The other day I came across a very weird mathematical thing. It’s called Benford’s law, and it describes how numbers generated by more or less any process form themselves into the same pattern. Suppose you made a list of the populations of all the towns in Britain, or a list of the individual sums you paid for all the cameras you’ve ever bought. You might suppose that the first digit of each number in one of those lists would be equally likely to be anything from 19, but it turns out that is not so. With any large sample of numbers you find that about 30% of them begin with a 1, 18% with a 2, right down to 4.6% starting with a 9. This was first discovered in 1881, but it took until 1996 for a statistician to work out why. The reason is too complicated to go into here, and anyway need not trouble us.
It turns out, though, to have real practical applications. For example, it has been used by forensic accountants to root out fraud, where financial figures don’t follow Benford’s law, and millions of pounds worth of fraudulent expense claims or rigged sales figures have been detected. It can be used to detect any reasonably large set of data that does not follow the natural or expected pattern, having been subjected to some sort of manipulation. So I thought, I know a set of data which has probably been manipulated more than most by manufacturers over the years, and that is the serial numbers they engrave on the items we buy. We know, don’t we, or at least we reckon, that manufacturers don’t start their counting at one, they leave gaps in their sequences, all sorts of tricks mostly aimed at inflating the apparent number of items sold. So as I have a little database in my computer of all the photohistorical things that I own or have owned, it was time for a little experiment. It turned out that I had records of 655 serial numbers which start with digits (some of them start with letters and I left those out), relating to cameras, lenses, shutters, accessories and so on. That seems to be a large enough random sample to use Benford’s law to see if the world’s manufacturers of photographic goods do indeed cheat when it comes to setting serial numbers. And they do. Looking at the first digits of my serial numbers, the digits 1, 2, 5, 6 & 7 do indeed turn up with a frequency reasonably close to what Benford’s law predicts. However, 8 shows up 16% too often, 4 is 18% too rare, 3 is 21% over, and 9 is an enormous 37% in excess. I don’t know how much you can make of the specific ups and downs, but it’s clear in particular that too many of these numbers start with 8 or 9. So I have demonstrated statistically what we already knew, that over the years manufacturers have indeed used their commercial skills to tweak their serial numbers for their own ends!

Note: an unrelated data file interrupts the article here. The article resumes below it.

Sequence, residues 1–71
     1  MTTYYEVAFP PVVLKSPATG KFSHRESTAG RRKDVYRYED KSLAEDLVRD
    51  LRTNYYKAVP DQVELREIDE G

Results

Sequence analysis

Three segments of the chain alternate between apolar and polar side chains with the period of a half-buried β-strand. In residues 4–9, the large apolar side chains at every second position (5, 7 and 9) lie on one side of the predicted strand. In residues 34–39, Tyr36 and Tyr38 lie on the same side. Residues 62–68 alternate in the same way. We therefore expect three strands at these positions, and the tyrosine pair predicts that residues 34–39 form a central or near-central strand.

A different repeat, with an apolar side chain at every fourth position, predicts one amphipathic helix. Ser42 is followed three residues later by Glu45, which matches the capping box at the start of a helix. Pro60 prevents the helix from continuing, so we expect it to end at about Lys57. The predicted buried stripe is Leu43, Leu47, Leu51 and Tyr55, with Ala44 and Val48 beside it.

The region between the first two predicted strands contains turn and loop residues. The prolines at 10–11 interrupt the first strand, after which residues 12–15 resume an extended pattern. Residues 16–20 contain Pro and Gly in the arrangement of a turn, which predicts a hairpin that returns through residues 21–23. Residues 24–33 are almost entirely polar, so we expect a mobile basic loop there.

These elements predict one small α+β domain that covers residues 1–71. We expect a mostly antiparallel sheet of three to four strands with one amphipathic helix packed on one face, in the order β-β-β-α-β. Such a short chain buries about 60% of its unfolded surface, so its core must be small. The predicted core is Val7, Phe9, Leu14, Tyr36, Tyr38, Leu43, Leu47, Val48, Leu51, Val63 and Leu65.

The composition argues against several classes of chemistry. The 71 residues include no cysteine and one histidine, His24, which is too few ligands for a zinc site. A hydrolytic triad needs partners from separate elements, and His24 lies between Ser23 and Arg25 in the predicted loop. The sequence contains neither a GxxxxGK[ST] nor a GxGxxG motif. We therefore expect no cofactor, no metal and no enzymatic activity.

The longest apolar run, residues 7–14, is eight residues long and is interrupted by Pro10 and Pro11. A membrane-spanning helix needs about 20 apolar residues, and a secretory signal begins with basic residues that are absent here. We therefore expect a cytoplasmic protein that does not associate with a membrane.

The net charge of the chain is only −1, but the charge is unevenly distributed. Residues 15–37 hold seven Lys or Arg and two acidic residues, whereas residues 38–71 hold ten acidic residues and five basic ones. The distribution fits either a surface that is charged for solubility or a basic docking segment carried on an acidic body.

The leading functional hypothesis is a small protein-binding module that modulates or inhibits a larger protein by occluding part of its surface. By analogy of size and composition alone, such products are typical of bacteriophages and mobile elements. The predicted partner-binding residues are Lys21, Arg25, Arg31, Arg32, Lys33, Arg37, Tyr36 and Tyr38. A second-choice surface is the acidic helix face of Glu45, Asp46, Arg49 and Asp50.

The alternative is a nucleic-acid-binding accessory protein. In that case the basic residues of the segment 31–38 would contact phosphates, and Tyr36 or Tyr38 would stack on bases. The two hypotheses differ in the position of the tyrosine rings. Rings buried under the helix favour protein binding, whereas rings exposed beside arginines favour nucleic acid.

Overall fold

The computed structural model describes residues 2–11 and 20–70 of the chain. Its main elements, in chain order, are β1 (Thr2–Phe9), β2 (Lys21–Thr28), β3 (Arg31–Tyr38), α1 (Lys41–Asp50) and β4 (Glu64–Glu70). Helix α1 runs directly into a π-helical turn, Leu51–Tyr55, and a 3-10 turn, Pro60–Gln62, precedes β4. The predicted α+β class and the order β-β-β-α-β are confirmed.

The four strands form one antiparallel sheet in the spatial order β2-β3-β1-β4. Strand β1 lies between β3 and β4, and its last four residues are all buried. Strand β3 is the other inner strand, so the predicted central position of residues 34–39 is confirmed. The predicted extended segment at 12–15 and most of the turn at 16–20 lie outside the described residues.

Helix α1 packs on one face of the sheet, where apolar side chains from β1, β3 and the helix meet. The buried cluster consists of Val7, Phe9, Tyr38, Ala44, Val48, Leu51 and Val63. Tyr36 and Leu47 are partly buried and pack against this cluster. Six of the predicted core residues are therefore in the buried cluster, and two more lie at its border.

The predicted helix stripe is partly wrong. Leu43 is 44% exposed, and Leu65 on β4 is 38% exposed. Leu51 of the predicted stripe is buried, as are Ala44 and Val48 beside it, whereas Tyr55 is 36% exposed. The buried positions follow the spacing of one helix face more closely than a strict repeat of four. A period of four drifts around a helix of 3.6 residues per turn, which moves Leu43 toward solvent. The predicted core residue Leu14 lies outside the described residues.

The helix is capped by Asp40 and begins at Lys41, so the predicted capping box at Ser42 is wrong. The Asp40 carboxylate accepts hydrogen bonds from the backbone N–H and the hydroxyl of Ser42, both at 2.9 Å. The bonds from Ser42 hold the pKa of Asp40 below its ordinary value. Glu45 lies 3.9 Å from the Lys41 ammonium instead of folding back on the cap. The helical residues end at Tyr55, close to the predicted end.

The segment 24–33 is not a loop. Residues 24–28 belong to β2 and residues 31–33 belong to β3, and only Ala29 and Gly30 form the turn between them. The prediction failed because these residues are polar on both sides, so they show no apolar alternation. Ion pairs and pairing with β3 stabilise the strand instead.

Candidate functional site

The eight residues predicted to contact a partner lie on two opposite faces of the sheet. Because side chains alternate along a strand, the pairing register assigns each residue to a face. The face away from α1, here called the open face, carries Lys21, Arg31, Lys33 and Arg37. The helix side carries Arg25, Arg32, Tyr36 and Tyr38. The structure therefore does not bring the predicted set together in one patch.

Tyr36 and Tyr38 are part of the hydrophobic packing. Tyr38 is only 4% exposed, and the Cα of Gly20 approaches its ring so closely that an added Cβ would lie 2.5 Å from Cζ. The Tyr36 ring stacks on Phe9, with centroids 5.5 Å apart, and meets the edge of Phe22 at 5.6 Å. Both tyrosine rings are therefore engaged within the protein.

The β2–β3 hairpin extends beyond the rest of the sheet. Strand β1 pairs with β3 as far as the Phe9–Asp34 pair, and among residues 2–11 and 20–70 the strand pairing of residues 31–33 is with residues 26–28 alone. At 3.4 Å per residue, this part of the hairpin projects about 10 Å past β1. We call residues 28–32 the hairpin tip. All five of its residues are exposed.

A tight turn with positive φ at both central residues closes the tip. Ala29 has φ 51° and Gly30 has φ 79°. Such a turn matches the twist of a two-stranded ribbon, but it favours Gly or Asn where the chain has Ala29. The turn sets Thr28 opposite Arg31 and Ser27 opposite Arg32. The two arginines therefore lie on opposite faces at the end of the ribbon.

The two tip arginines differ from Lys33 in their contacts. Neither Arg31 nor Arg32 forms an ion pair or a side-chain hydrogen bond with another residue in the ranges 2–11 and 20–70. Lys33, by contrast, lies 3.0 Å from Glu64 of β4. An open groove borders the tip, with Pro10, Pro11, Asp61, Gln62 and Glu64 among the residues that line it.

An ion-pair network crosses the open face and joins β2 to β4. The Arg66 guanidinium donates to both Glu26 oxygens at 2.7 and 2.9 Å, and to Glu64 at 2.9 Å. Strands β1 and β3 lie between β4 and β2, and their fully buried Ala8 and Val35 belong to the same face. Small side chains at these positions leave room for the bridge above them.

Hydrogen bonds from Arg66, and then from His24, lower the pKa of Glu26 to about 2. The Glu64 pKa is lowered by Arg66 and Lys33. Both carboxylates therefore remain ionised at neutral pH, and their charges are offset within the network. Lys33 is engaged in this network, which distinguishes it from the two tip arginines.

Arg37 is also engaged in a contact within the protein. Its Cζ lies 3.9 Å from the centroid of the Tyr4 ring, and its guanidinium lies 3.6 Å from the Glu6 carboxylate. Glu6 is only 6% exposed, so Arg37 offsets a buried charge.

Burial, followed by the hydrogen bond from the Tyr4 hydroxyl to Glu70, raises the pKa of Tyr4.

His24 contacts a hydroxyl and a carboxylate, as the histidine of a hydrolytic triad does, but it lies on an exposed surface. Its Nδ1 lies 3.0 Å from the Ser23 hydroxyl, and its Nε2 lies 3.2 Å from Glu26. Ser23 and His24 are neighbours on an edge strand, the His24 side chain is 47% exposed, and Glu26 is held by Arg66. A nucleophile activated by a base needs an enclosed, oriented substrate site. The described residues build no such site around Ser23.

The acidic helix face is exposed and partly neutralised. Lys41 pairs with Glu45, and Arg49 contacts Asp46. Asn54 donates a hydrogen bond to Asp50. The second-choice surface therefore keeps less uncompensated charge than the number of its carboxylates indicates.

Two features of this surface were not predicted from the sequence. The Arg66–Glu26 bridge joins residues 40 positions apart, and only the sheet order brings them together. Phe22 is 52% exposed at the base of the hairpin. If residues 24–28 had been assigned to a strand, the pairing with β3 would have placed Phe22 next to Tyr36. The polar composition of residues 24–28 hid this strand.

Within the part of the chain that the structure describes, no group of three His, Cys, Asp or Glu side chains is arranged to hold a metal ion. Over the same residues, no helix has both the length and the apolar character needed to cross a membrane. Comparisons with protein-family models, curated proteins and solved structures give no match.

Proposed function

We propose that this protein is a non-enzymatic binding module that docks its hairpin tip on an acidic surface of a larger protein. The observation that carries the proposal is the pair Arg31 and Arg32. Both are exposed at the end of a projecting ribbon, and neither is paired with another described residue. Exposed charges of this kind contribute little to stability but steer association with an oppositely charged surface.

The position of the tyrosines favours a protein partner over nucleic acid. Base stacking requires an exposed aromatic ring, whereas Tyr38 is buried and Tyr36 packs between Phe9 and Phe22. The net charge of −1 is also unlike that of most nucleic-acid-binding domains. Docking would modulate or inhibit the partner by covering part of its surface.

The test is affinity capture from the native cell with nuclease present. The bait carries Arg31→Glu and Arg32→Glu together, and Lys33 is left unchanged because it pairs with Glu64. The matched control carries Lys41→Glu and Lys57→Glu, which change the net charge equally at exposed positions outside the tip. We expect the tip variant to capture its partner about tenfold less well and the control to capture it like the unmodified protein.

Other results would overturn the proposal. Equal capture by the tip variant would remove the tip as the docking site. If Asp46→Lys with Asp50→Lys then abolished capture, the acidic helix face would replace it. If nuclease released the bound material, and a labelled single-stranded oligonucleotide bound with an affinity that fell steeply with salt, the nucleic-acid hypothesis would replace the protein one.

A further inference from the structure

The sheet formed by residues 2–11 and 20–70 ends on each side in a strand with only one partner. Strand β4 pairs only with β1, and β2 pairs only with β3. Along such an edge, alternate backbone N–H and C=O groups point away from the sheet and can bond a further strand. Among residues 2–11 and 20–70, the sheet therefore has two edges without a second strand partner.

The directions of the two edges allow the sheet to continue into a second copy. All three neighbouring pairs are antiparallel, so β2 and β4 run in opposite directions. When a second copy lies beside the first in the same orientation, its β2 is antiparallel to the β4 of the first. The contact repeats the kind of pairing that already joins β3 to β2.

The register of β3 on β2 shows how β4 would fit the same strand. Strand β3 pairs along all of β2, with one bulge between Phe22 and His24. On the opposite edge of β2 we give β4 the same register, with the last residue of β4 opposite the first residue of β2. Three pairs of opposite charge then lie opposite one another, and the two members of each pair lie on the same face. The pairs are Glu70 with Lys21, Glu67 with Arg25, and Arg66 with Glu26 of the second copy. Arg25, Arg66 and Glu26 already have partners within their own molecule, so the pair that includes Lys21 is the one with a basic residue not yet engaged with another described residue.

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ReflectedAn occasional and irregular blog, mostly of photographic experimentation and photographic history. Archives
September 2020

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